Pairing Off


DEFINITION of 'Pairing Off'

An illegal practice of a brokerage firm offsetting short and long positions between house accounts by collecting cash payments without physically delivering the securities.


Pairing off can occur only by brokerage firms colluding with one another. Proper settlement of short and long positions require the delivery of physical securities be made within three business days after the transaction. By settling these positions with cash payments, the brokerage firms are able to manipulate the market by trading non-existent shares and circumventing settlement regulations.

  1. Short (or Short Position)

    A short position is the sale of a borrowed security, commodity ...
  2. Long (or Long Position)

    1. The buying of a security such as a stock, commodity or currency, ...
  3. Parking

    A form of kiting shares that a brokerage commits by moving long ...
  4. Clearing

    The procedure by which an organization acts as an intermediary ...
  5. Kiting

    1. The act of misrepresenting the value of a financial instrument ...
  6. Racketeering

    A fraudulent service built to serve a problem that wouldn't otherwise ...
Related Articles
  1. Investing Basics

    Principal Trading and Agency Trading

    Ever wonder what happens behind the scenes when you buy or sell a stock? Read on and find out!
  2. Personal Finance

    4 Dishonest Broker Tactics And How To Avoid Them

    Protecting yourself from unscrupulous practices means knowing how to spot them.
  3. Active Trading Fundamentals

    The Short And Distort: Stock Manipulation In A Bear Market

    High-quality stock reports needn't be confused with stock manipulators' dramatic claims.
  4. Professionals

    4 Must Watch Films and Documentaries for Accountants

    Learn how these must-watch movies for accountants teach about the importance of ethics in a world driven by greed and financial power.
  5. Brokers

    The Next Industries Bound to be Uberized

    As more startups succeed with the sharing economy business model, investors seek out businesses poised to disrupt their industries like Uber.
  6. Investing Basics

    4 Iconic Financial Companies That No Longer Exist

    Learn how poor management, frauds, scandals or mergers wiped out some of the most recognizable brands in the finance industry in the United States.
  7. Budgeting

    When Using a Money Order Makes Sense

    Money orders are usually the least expensive way to send "cleared" funds to pay a bill (or traffic ticket). Here's how they work and what to watch out for.
  8. Active Trading

    What Is A Pyramid Scheme?

    The FTC announced it had opened an official investigation of Herbalife, which has been accused of running a pyramid scheme. But what exactly does that mean?
  9. Investing Basics

    How Financial Statements Are Manipulated

    Financial statement manipulation is an ongoing problem, and investors who buy stocks or bonds should be aware of its signs and implications.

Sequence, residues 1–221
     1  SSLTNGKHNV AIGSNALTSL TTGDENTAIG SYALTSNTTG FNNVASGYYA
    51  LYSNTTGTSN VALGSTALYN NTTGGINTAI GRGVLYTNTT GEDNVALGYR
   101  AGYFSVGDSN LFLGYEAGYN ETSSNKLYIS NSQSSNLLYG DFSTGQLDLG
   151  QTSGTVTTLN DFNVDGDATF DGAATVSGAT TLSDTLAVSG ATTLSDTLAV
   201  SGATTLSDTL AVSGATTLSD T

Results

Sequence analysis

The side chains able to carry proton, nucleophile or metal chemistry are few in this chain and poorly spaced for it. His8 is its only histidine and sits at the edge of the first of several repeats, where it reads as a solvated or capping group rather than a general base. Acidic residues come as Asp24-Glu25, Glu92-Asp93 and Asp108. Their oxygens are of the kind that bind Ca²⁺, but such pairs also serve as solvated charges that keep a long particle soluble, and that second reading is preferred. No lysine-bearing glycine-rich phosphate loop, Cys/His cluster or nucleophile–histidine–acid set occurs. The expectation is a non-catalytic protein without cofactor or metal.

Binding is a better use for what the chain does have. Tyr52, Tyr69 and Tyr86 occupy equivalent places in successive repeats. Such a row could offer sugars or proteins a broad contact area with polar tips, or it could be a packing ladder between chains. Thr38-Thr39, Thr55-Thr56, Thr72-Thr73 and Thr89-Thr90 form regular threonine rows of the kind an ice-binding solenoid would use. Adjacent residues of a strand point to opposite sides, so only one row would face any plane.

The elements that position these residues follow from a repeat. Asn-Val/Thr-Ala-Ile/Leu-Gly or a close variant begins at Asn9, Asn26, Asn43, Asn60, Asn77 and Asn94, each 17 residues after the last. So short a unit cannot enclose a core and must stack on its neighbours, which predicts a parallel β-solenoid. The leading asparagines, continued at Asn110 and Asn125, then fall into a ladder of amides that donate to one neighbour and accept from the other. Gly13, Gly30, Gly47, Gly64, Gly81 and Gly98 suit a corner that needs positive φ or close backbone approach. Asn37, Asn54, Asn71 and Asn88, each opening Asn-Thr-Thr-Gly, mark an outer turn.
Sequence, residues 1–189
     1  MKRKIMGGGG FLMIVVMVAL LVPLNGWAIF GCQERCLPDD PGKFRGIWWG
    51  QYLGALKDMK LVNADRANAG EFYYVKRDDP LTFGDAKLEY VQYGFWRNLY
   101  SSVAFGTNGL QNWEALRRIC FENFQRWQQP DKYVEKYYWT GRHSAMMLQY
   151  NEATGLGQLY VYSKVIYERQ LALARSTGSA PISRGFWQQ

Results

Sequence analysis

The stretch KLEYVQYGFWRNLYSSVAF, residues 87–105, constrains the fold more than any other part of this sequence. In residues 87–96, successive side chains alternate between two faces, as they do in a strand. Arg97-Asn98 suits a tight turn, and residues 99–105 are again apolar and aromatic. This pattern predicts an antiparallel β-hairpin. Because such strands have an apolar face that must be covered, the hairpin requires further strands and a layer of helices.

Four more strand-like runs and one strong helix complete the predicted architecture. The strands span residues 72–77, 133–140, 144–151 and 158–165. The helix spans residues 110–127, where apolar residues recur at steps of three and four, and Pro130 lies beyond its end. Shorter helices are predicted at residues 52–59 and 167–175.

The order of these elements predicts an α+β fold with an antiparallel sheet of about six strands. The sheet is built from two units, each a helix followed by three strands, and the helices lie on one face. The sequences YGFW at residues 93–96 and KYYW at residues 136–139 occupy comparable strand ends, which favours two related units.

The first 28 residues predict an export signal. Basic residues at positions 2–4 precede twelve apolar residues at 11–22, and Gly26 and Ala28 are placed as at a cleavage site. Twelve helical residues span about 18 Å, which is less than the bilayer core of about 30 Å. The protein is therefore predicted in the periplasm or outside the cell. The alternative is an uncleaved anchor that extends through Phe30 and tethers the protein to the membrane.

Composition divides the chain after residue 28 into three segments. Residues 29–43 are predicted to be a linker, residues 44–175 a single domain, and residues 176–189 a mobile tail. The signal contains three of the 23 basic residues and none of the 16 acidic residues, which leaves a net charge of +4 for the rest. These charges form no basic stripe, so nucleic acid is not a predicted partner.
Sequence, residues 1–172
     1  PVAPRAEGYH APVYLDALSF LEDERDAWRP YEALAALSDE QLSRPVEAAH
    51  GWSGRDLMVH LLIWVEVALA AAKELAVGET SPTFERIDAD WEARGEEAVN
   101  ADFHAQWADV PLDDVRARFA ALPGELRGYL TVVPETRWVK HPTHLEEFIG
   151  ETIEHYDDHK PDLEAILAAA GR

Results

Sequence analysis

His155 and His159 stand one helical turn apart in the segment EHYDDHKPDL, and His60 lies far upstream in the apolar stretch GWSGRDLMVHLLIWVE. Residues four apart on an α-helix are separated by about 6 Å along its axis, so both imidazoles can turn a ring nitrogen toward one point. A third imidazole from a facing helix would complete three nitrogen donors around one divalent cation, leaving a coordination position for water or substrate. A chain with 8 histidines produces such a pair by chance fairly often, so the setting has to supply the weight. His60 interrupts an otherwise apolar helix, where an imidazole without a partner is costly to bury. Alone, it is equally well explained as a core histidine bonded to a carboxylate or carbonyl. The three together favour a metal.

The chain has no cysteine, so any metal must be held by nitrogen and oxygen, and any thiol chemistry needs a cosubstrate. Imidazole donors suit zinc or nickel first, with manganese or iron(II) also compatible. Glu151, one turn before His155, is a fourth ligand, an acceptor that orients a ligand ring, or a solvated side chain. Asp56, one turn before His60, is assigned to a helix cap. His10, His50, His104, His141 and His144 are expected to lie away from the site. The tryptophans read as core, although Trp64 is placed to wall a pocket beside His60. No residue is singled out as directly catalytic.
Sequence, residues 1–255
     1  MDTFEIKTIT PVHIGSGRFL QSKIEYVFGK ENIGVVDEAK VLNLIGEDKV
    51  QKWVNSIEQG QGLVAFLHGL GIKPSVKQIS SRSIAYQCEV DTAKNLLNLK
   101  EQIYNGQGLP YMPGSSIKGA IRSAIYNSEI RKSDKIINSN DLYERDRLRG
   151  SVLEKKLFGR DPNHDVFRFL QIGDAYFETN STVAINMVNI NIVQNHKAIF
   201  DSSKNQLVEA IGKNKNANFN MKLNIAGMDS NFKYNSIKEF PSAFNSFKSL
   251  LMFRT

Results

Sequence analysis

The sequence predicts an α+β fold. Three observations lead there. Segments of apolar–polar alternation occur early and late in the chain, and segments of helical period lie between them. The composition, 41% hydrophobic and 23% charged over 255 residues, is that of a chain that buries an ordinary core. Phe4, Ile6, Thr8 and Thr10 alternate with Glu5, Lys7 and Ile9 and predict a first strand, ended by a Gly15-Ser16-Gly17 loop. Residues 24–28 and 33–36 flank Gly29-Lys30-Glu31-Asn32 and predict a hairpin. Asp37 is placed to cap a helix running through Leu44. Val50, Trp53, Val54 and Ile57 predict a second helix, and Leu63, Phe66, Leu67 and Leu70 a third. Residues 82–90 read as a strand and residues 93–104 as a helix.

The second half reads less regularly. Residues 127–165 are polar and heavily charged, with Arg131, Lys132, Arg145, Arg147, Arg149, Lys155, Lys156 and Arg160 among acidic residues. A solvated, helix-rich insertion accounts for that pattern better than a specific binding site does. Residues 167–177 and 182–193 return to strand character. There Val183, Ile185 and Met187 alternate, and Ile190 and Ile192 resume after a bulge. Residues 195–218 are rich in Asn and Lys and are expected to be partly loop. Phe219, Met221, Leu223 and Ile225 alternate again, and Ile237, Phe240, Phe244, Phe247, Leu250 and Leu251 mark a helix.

10. Economics

    3 Notorious American White Collar Criminals

    Learn about the crimes and punishments of some of the most infamous convicted white-collar crooks.
  1. How long does a stock account have to be dormant before it can be escheated?

    A stock account is typically considered dormant and eligible for escheatment after five years of inactivity; however, this ... Read Full Answer >>
  2. What are some high-profile examples of wash trading schemes?

    In 2012, the Royal Bank of Canada (RBC) was accused of a complex wash trading scheme to profit from a Canadian tax provision, ... Read Full Answer >>
  3. What is the interest rate offered on a typical margin account?

    Interest rates on margin accounts vary according to the size of the loan and the brokerage firm being used. Generally, interest ... Read Full Answer >>
  4. What are examples of inherent risk?

    Inherent risk is the risk imposed by complex transactions that require significant estimation in assessing the impact on ... Read Full Answer >>
  5. What is the cost of a share purchase?

    When investors purchase shares of stock, the price paid includes two components: the price of the stock and the fee charged ... Read Full Answer >>
  6. What is the difference between wash trading and insider trading?

    Wash trading is an illegal trading activity that artificially pumps up trading volume in a stock without the stock ever changing ... Read Full Answer >>

You May Also Like

Hot Definitions
  1. Barefoot Pilgrim

    A slang term for an unsophisticated investor who loses all of his or her wealth by trading equities in the stock market. ...
  2. Quick Ratio

    The quick ratio is an indicator of a company’s short-term liquidity. The quick ratio measures a company’s ability to meet ...
  3. Black Tuesday

    October 29, 1929, when the DJIA fell 12% - one of the largest one-day drops in stock market history. More than 16 million ...
  4. Black Monday

    October 19, 1987, when the Dow Jones Industrial Average (DJIA) lost almost 22% in a single day. That event marked the beginning ...
  5. Monetary Policy

    Monetary policy is the actions of a central bank, currency board or other regulatory committee that determine the size and ...
  6. Indemnity

    Indemnity is compensation for damages or loss. Indemnity in the legal sense may also refer to an exemption from liability ...
Trading Center